By Jerry Tipton/The Associated Press
NEW ORLEANS _ With archrival Louisville largely succeeding in keeping it close and turning up the pressure, Kentucky proved its championship mettle Saturday. Now, the Wildcats have only to actually win the NCAA Tournament championship Monday night.
Kentucky outlasted Louisville, 69-61, in the semifinals. As U of L intended, it wasn’t easy, but UK was up to the task.
“The expectation of the staff: You have to win it,” U of L Coach Rick Pitino said Friday of the pressure his dominant UK team of 1996 faced, and by inference the current Cats. “It is a lot of pressure. But it’s good pressure because you have the goods to deliver.”
Kentucky, which set a school record with a 37th victory, had to win it in the final nine minutes. As had been the case all season, the Cats made the necessary clutch plays.
Anthony Davis tied DeMarcus Cousins’ school freshman record for double-doubles. His 18 points and 14 rebounds led UK. He also blocked five shots to increase his season total to 180, two shy of the NCAA record for a freshman (Hassan Whiteside of Marshall in 2009-10).
Darius Miller added 13 points, Doron Lamb 10 and Michael Kidd-Gilchrist nine.
Louisville (30-10) was led by Peyton Siva’s 11 points. Chane Behanan added 10 points and nine rebounds.
Kentucky led 35-28 at halftime. That representing an effective holding action by Louisville, which teetered on the edge of a first-half knockout.
Louisville made only five of its first 21 shots. That included missed dunks by Behanan and Gorgui Dieng.
Kentucky, which used 60-percent shooting to lead the final 18:41 of the half, built its margin to as much as 10 points on four occasions. The Cats made their first four shots, zipping to an 8-2 lead and prompting a U of L timeout with 17:54 left.
Kidd-Gilchrist, who torched Louisville with 24 points and 19 rebounds in the regular-season game, exited with his second foul at the 13:47 mark. That was one of three charges called on the Cats in the first half.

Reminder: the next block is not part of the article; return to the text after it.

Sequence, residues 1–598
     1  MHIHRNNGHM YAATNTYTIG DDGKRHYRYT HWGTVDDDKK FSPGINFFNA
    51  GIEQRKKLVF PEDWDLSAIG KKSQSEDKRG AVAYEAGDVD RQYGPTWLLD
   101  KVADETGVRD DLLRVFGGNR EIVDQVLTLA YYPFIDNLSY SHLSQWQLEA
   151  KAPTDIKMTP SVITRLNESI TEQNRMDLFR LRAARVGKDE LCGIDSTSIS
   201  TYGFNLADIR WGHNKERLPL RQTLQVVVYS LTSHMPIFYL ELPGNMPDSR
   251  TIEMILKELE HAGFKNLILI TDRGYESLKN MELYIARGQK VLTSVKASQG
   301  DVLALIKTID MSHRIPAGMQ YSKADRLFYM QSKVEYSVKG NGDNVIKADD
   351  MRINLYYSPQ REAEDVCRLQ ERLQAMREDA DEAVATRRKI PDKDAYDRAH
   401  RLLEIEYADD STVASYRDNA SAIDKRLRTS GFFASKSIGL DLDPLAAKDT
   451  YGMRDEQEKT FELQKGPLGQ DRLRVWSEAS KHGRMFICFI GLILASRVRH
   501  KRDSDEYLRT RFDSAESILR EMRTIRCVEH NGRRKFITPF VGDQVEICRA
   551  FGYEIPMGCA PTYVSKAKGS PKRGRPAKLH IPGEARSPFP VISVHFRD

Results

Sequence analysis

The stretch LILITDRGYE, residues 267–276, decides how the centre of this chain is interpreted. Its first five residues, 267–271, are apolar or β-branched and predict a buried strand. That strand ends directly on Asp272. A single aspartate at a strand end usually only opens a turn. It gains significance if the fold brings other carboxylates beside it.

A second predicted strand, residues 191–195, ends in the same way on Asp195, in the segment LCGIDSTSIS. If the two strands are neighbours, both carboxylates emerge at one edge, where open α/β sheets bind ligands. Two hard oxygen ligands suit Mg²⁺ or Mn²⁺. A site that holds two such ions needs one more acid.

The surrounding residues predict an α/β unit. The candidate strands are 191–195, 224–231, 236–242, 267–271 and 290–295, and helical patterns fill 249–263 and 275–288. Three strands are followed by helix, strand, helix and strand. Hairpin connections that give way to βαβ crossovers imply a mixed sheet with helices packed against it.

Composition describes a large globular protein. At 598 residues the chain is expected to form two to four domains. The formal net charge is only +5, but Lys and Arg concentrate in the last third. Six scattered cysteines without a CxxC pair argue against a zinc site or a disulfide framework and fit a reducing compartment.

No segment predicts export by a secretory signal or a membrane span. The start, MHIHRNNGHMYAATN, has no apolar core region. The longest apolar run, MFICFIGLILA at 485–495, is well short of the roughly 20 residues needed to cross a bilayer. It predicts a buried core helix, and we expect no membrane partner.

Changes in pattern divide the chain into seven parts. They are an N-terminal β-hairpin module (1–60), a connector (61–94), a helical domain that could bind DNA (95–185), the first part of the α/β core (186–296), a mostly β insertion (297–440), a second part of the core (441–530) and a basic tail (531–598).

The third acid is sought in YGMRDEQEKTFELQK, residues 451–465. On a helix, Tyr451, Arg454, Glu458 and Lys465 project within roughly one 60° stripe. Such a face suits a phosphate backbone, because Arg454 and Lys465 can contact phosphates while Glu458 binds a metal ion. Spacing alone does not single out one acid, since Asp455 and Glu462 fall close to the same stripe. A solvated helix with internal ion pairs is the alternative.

Needing any transition points in a poor-shooting game, Louisville got two when Chris Smith stole Lamb’s pass and sped to a fast-break layup. That reduced UK’s lead to 26-20 and prompted a timeout with 3:41 left.
Louisville, which made seven of its final 11 shots in the half, got as close as 31-28. Dieng took a behind-the-back pass from Chris Smith and dunked while being fouled by Darius Miller.
The Cards got no closer, but Louisville had Kentucky’s attention.
When Louisville fouled with 2:21 left, but UK only got to take the ball out, Calipari turned to his assistants and said, “Are we shooting (the one-and-one) yet?”
No, it was only Louisville’s fourth foul, which indicated that the Cards had succeeded in limiting Kentucky’s free-throw opportunities. U of L didn’t commit a foul until the 9:58 mark. UK made four of five free throws, a huge difference from the 32-for-43 parade that beat Louisville on New Year’s Eve. In that game, the Cats made 17 of 23 foul shots in the first half alone.
Kentucky re-established control early in the second half. Miller led the way, scoring easily on a turnaround over Siva and then stealing Behanan’s lazy pass and breezing to a transition dunk. The latter put put UK ahead 43-32, prompting a U of L timeout with 16:44 left.
The lead grew to as much as 13, and UK matched its first-half free throw total inside the first eight minutes, but Louisville rallied. Rebounding keyed the counter-surge as the Cardinals outrebounded UK 15-4 before the second TV timeout of the second half.
Put-back dunks by Dieng and Wayne Blackshear reduced Kentucky’s lead to 46-42 with 11:26 left.
Siva’s first basket _ a three-pointer from the top of the key _ brought U of L all the way back, tying it at 49. More than nine minutes remained.
Back-to-back baskets by Kidd-Gilchrist steadied UK. On the second, he drove the middle of the lane, spun 360 degrees and slammed home a dunk to put the Cats ahead 53-49.
The margin grew to 60-51 when Miller hit a transition three-pointer and then two free throws after being fouled on a drive. Less than five minutes stood between Kentucky and a date in Monday’s championship game.